The second half of section 9.2 (beginning with the sentence "In the event that…) is of particular concern, in that it requires the State to become responsible for the legal liability of the landowner should there be amendments by the Legislature to the current Landowner Liability Law, failing which the public will lose access to the Property. If I understand this transaction correctly, the State is paying for a Conservation Easement with certain public recreation access and use rights. Whatever the reasons for the landowner’s desiring this extraordinary (at least in my experience) provision, they are no different than in the context of any other conservation easement providing for public access. Thus, the effect of this provision would charge an Easement holder with liability for public use of the property, thereby overriding the State’s protections under the Tort Claims Act, should the Legislature ever narrow the current protections of the Landowner Liability Law. If the Easement holder refuses to undertake indemnification of the landowner in this instance, public access is to be forfeited. A conservation easement being of permanent duration, and Maine’s current Landowner Liability Law being protective of landowners relative to that in other states, one must expect the possibility in the future that Maine law might change on this score. For all of these reasons, I continue to strongly recommend deletion of this provision.

I am not sure I understand the meaning or intent of section 9.3, but it appears to alter what might otherwise be applicable provisions of federal law under the Endangered Species Act and the National Environmental Policy Act. I think that the applicability of those laws should speak for itself. While, of course, the actions of the landowner are not actions of the government (as this seems to say), to the extent that this provision is attempting to negate otherwise applicable laws, I recommend that it be deleted.

Section 9.4 seems designed in part to prevent public rights from being acquired by prescriptive use. This seems a reasonable proposition in the context of future public use as provided under the terms of the Easement and that does not have a separate legal derivation. On the other hand, this provision should not void any public prescriptive or other right in the Property that may have been or in the future may be independently acquired.

In section 9.5, the new, second sentence seems too broad, as it requires the parties to "join in" actions taken by the other party. The State can’t make such a commitment, so I suggest these new words be deleted. Also, I think the new clause at the end ("including without limitation…") should be deleted, for the same reason.

In section 10, for clarity I recommend that the second sentence be rephrased as follows: "The term ‘State of Maine’ and ‘Grantee’ (if the Grantee is the State of Maine) shall include any authorized representatives or agencies of the State of Maine, including without limitation the Attorney General, and any assignee or successor agencies of the Department of Conservation." Toward the end of the third sentence, I recommend that, following "Property," we add the phrase "or take other actions under this Conservation Easement as authorized by the Grantee." I recommend that the last sentence of this paragraph be deleted, since the Department should not have to obtain any approval from the landowner in order to delegate or assign these functions in this manner. I wouldn’t have a problem with a requirement of a notice by the State to the Grantor to this effect, however.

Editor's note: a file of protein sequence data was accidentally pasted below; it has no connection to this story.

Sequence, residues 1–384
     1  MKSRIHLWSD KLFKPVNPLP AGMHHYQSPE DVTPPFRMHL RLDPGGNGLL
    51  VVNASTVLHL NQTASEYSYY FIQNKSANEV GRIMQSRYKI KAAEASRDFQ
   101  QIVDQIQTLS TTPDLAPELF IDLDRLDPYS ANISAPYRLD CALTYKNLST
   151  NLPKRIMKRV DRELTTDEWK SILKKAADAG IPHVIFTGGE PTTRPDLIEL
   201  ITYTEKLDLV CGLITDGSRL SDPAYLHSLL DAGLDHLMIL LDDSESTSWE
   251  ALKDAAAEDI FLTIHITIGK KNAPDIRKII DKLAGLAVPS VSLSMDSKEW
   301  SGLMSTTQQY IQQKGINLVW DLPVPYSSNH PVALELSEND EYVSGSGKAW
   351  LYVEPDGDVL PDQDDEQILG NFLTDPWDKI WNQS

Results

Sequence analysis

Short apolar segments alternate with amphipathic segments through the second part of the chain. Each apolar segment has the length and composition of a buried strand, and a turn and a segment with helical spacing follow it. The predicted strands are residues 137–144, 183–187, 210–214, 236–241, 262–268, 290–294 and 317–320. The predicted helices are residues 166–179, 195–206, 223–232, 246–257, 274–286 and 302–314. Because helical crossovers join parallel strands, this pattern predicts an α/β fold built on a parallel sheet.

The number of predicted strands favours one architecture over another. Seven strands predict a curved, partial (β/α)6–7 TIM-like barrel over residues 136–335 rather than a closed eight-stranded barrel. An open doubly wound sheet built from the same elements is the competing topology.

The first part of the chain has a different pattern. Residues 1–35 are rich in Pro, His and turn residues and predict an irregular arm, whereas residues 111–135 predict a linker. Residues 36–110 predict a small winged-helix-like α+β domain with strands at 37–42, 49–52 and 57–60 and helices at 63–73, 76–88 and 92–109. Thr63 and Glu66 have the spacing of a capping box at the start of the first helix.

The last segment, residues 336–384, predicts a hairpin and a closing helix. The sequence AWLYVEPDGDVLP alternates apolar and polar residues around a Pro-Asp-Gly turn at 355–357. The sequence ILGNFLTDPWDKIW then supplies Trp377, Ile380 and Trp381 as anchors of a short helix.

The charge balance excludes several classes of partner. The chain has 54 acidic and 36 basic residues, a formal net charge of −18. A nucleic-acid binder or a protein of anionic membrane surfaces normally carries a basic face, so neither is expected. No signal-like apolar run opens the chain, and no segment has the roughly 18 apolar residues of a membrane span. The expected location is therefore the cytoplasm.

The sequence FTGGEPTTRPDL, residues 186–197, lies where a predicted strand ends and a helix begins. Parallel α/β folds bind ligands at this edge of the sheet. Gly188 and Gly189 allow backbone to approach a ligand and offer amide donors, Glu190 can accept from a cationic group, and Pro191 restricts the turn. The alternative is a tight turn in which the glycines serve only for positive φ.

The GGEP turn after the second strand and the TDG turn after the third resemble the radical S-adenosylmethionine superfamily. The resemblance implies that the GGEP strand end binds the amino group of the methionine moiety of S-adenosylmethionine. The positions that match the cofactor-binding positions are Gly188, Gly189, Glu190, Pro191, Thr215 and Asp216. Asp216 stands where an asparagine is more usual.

In section 11, I appreciate the changes made in response to my earlier comments. The only remaining comment I have here is that the term "Grantor" in the seventeenth line looks like it should be "Grantee."

In section 14, the second sentence indicates that, in the event of an involuntary conversion of the Property, prior claims will be satisfied before payment to the State of the value of the Easement. No lien or mortgage should be superior to the Conservation Easement in this or any regard that I can think of, except perhaps a tax lien.

In section 17, since an amendment to the Easement may require the approval of other entities, I suggest adding "and may be subject to the consent of others as required by law" at the end of the first sentence.

In section 18, the interplay between the first and second sentences should be clarified. For instance, the Easement should clearly be assignable to another government agency without need for the landowner’s consent. This may be accomplished by inserting "or assignee" after "successor," and deleting "thereto," both in the third line. Then, at the beginning of the second sentence, following "In addition", the following should be added: "to the rights freely assignable under the first sentence of this paragraph." I also question the requirement, later in this sentence, that an assignment requires the transfer of funds held by the State for purposes of monitoring the Easement; in the case of the State, this may well be an appropriations decision of the Legislature and can be dealt with should such an assignment occur but not categorically here. Further, the third sentence seems to be somewhat incompatible with other provisions of the Easement to the effect that a future owner may use the Property for a more conservation-minded purpose than the current Easement provides; so I recommend this sentence be clarified or deleted as unnecessary. Finally, serious consideration should be given to whether the State wishes to be subject to mandatory arbitration, as required in the second half of this section.